Friday, March 02, 2007

100% Scans Downed By Dems

Senate drops 100-percent inspection proposal

Twelve Democrats and Independent Joseph Lieberman of Connecticut joined Republicans to defeat a proposal that would have required all containers to be scanned before they were shipped to the United States from a foreign port.

The Senate late Thursday voted 58-38 to table an amendment offered by Democrat Charles Schumer of New York requiring 100-percent scanning of all U.S.-bound containers within five years of the completion of the Secure Freight Initiative pilot program that Congress ordered last October in the SAFE Port Act.

The amendment would have become part of the “Improving America's Security by Implementing Unfinished Recommendations of the 9/11 Commission Act of 2007” (S. 4). In January the House of Representatives passed a companion bill that includes the scan-all provision.

Four of the opposing senators were members of the Senate Homeland Security and Governmental Affairs committee, which drafted SAFE Port. They were joined by senior lawmakers including Robert Byrd, D-W.V., and Daniel Inouye, D-Hawaii. Byrd said he supported 100-percent scanning, but the technology was not available to achieve it. Arlen Specter of Pennsylvania was the only Republican to vote in support of Schumer’s amendment.

Peter Gatti, executive vice president of the National Industrial Transportation League, said that senators from the Pacific Northwest were pivotal in defeating Schumer’s amendment, since they had been under intense political pressure to support it. They included Democrats Patty Murray and Maria Cantwell of Washington, and Ron Wyden of Oregon.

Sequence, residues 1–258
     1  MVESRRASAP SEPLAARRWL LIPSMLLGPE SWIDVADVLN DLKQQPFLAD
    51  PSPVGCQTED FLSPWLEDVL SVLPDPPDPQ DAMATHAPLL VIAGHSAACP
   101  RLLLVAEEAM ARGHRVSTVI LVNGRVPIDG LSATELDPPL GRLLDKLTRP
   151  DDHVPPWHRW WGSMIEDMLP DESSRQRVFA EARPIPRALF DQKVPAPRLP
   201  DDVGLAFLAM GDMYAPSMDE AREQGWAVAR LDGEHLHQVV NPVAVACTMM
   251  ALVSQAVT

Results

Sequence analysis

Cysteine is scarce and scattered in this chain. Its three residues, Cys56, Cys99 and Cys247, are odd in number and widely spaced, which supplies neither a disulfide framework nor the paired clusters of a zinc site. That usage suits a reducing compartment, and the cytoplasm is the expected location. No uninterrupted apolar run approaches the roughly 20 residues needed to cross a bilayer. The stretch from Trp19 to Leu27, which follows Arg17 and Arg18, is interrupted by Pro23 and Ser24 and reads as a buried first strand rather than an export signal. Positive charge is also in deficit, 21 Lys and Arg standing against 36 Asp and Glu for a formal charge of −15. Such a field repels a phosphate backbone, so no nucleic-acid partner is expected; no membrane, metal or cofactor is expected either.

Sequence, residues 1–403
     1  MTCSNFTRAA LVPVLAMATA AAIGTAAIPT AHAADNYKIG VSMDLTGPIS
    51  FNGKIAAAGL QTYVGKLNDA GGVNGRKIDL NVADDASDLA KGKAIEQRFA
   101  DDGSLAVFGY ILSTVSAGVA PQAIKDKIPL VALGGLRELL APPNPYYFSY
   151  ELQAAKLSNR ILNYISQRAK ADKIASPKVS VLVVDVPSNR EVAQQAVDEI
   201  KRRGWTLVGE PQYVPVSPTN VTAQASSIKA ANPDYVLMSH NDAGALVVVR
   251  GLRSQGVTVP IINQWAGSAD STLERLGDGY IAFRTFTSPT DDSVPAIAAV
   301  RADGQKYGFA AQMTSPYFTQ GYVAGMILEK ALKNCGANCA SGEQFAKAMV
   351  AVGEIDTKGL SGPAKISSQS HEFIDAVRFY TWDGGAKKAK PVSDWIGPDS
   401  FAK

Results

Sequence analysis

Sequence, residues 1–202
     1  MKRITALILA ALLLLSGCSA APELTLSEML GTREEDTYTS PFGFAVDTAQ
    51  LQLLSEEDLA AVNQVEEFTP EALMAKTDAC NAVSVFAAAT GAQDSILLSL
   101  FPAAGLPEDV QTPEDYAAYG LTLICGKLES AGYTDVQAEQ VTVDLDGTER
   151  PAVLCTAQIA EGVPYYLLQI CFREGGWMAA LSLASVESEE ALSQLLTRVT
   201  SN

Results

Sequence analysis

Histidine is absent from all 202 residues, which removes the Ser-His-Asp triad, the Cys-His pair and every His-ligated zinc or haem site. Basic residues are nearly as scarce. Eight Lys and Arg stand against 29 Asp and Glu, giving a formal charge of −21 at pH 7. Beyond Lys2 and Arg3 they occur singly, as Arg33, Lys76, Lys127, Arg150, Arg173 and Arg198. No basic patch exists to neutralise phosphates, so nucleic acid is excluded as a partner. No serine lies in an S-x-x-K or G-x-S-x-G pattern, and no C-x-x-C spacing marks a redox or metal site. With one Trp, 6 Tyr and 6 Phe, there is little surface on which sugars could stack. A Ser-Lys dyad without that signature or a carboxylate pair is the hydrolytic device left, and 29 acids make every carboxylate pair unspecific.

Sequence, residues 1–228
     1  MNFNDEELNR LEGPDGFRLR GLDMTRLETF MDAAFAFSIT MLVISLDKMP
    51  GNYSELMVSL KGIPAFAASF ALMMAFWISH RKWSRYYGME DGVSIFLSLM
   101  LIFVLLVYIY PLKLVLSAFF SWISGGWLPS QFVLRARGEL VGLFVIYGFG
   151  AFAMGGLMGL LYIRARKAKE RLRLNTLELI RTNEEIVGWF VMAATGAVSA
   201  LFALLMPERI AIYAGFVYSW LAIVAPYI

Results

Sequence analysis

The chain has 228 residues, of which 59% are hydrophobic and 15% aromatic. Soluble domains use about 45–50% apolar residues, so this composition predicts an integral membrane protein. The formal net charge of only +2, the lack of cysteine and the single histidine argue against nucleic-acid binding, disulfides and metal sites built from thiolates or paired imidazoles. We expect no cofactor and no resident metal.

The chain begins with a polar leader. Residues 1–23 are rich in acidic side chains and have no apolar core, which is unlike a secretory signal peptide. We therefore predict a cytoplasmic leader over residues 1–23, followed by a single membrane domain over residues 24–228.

“This is the second round of debate on this particular question,” Gatti said. “Nobody in principle is against the concept of scanning, it’s the question of can we do it in a way that doesn’t cripple the very system we’re trying to protect.”

The Senate may pass its bill as early as Wednesday or Thursday of next week. The next step will be the conference to reconcile differences between the two bills before it is sent to President Bush for signing. Alison O’Donnell, director of government relations for the National Retail Federation, was optimistic that the scan-all provision would remain out of the conference report.

On one hand, the Senate gave the bill closer scrutiny through the committee process, while the House did not, O’Donnell said. In addition, the scan-all issue already has previously come up six or seven times as an amendment, and it has been defeated each time.

“Anything can happen in conference,” O’Donnell said. “Certainly our job isn’t done.”

Allen Thompson, vice president for global supply chain policy for the Retail Industry Leaders Association, agreed. “This is not a sprint, it’s a marathon.”

**Calmer heads prevailed here...if passed, the reality of scanning every container coming into the country would have cost millions! Thank you Senator Byrd and the rest of the Senate for taking a pragmatic approach to this issue.**

Have a great weekend! MJS


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